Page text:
Thứ Hai, 2 tháng 6, 2014

Start young: Planning for the future

Start young: Planning for the future

By Andrew Wood   |   Sunday, 01 June 2014

The younger expat community is growing in Myanmar, attracted by the opportunities on offer in the fast-growing global region. A counting machine churns through Euro bills. Photo: Staff

This trend reveals a more prevalent integration of expats into local communities. They have left their welfare states behind and are catapulting into the future with enthusiasm. But what provisions must they make for the financial challenges they will face in the future? The encounters of a more independent lifestyle create the responsibility of taking care of their own long-term financial independence.

The earlier you start to make sound financial plans for your future the better prepared you will be for the tests ahead. Despite your revolutionary streak there will also be a relatively naïve side when it comes to personal financial planning. For many this translates into deferring planning until tomorrow; but tomorrow never comes and that sense of security creates complacency leaving expats exposed.

Start with long-term planning for financial independence. The earlier you begin the easier it will be to achieve your goals. You have a longer period to accumulate the wealth you require. Deferring until later will result in your having less time, making it daunting.

Many do not realise the level of wealth they require to sustain their golden years. Inflation plays havoc with the cost of living, almost invisibly as it happens so slowly. It is like gaining weight – you hardly notice until you get on the scales. For example an annual income requirement of US$30,000 today translates to $99,400 in 30 years, at a 4 percent inflation rate.

It is in your own interest to create a budget for yourself so you appreciate where your money goes and can manage some savings. Every expat is different so it is pointless to create a specific budget for all, although you need to take common elements into account. These include rent, utilities, food, local travel, medical and other insurance, additional expense during visa turnarounds, clothing, possible holidays and entertainment.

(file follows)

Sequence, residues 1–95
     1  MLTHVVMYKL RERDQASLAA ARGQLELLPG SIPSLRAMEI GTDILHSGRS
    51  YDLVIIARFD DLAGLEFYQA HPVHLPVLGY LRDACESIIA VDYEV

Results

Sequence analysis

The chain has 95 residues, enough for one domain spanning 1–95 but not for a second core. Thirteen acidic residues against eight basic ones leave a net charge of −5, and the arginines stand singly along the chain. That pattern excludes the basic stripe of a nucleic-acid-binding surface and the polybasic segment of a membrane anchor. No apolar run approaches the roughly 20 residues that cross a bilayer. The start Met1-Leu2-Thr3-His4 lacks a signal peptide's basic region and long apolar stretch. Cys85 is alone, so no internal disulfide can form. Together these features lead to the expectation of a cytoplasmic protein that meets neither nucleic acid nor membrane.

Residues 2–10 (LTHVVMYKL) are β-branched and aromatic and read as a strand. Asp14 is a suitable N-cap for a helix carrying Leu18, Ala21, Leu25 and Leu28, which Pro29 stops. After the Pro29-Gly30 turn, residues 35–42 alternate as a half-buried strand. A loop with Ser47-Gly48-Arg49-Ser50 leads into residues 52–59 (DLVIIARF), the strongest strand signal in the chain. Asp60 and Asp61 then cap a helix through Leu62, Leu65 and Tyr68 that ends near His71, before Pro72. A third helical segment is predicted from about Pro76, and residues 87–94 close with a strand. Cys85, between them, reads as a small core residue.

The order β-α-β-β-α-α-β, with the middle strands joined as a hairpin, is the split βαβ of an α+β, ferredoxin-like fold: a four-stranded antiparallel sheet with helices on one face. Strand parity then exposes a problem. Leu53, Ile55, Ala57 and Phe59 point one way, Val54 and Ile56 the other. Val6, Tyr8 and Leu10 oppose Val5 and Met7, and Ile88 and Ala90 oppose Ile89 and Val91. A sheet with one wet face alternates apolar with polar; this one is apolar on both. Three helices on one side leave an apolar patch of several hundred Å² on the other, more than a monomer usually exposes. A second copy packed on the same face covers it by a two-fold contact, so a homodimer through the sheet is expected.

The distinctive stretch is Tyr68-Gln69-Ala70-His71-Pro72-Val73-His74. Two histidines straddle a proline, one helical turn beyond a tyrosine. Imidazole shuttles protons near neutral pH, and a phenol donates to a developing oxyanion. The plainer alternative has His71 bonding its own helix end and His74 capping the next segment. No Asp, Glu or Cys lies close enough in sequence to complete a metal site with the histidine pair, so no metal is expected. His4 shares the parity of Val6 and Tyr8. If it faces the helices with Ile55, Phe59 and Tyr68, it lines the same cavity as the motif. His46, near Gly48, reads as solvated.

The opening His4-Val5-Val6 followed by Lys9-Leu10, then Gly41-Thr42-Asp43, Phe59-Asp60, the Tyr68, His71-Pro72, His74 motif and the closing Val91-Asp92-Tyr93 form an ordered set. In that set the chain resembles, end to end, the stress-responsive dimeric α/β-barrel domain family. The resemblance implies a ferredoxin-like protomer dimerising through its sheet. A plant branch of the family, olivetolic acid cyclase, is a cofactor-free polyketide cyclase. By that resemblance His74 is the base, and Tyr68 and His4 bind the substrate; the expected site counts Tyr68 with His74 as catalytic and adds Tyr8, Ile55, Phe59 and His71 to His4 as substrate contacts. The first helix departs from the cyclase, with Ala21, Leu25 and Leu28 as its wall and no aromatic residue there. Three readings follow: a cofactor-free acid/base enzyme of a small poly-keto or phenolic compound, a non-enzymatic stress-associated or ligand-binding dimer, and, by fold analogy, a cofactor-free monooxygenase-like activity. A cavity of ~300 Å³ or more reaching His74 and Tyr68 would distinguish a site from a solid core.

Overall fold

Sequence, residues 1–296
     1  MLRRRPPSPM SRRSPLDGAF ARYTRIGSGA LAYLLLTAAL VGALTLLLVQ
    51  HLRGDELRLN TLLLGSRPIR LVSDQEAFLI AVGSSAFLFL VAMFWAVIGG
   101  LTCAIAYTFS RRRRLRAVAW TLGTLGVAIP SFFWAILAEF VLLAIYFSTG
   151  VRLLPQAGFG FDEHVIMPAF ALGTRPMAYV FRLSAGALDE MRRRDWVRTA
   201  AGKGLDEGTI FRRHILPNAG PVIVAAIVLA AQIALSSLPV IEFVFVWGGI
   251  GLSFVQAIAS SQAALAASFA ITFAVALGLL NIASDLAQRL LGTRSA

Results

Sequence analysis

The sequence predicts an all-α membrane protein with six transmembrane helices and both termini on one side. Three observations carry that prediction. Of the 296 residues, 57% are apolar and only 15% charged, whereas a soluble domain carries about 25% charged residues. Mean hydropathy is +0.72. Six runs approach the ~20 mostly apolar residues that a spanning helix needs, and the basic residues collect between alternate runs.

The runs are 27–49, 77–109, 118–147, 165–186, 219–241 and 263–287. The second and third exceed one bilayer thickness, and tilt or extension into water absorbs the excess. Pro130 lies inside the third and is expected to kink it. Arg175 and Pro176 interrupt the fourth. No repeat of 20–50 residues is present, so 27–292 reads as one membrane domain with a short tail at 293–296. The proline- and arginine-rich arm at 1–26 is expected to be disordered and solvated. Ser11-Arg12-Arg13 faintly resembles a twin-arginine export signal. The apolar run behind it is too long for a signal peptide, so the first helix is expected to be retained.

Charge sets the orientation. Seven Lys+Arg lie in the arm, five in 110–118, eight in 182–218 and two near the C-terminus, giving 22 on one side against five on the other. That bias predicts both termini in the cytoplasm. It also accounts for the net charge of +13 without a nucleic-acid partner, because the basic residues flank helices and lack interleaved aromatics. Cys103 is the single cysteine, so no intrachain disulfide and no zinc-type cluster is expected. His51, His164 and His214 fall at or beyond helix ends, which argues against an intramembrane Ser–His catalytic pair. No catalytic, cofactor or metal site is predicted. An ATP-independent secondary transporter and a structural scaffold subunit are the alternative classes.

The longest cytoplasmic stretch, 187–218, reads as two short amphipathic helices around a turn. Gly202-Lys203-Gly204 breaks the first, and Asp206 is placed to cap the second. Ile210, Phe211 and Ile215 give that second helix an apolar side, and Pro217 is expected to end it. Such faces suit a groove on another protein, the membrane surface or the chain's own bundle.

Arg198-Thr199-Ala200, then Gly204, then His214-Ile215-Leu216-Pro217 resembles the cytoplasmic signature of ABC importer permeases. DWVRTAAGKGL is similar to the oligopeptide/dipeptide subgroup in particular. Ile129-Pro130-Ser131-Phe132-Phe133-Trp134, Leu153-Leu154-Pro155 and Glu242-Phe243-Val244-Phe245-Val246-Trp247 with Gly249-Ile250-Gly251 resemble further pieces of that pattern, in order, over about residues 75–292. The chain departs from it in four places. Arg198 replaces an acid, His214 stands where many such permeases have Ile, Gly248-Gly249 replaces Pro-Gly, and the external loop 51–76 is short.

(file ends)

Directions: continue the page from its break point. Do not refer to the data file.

This last item is probably the most flexible. You need to make sure this does not run out of control. Probably sticking to the monthly budget you set is best. When you have created the budget you should have a little money left at the end of your month rather than a little month left at the end of your money. If you have set a sensible entertainment budget you need to monitor it and if you spend it all by mid-month, punishing yourself by staying home will be a way to ensure that you spread it farther in future months.

You may also need to deal with education debt back home. It is tempting to defer this until later when you feel you can afford it. The old adage of clearing debt before you save is also relevant in all walks of life. Here it is often best to apply some of your disposable income to this liability.

If you then take part of your disposable income and invest it in an international structured savings vehicle it will be like sending yourself an invoice each month and when you get used to treating this as a commitment you will be surprised at how it magically becomes just another regular bill which you know you need to pay. The trick is not to overstretch what you can save.

Some expats ask me how they would deal with a change of country. This can be tricky unless you tackle the challenge pragmatically. It can also be exciting. If you set yourself up properly now with a bank account in a tax haven and create an international investment vehicle in a tax haven it will not matter where you move to.

Beyond that the complexities often run to the local community and economy. Housing is cheaper in Bangkok but more expensive in Singapore than in Yangon. Some are surprised that housing is drastically more expensive in India than many other places. There are many aspects to consider when moving country. Having your finances in order will mean you have less issues to face.

Remember failing to plan is actually planning to fail.

Questions to the author can be directed to PFS International on +66 2653 1971 or emailed to [email protected]

Start young: Planning for the future

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